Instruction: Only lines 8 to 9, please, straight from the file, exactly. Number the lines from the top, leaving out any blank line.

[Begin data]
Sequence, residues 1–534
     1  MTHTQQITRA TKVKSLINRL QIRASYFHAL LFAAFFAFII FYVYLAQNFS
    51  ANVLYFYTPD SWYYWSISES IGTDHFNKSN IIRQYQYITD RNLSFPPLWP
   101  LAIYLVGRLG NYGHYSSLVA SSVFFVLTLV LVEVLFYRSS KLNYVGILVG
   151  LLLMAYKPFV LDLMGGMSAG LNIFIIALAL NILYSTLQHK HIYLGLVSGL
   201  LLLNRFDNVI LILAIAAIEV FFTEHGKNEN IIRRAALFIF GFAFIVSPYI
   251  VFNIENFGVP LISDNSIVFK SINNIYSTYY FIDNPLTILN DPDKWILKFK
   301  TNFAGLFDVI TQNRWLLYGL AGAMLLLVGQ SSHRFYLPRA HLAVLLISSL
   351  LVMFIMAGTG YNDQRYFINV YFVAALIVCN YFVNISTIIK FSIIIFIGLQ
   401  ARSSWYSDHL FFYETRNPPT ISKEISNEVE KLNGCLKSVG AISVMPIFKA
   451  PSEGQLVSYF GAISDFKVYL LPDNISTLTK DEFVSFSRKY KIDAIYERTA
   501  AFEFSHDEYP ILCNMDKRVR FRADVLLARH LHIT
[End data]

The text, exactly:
   301  TNFAGLFDVI TQNRWLLYGL AGAMLLLVGQ SSHRFYLPRA HLAVLLISSL
   351  LVMFIMAGTG YNDQRYFINV YFVAALIVCN YFVNISTIIK FSIIIFIGLQ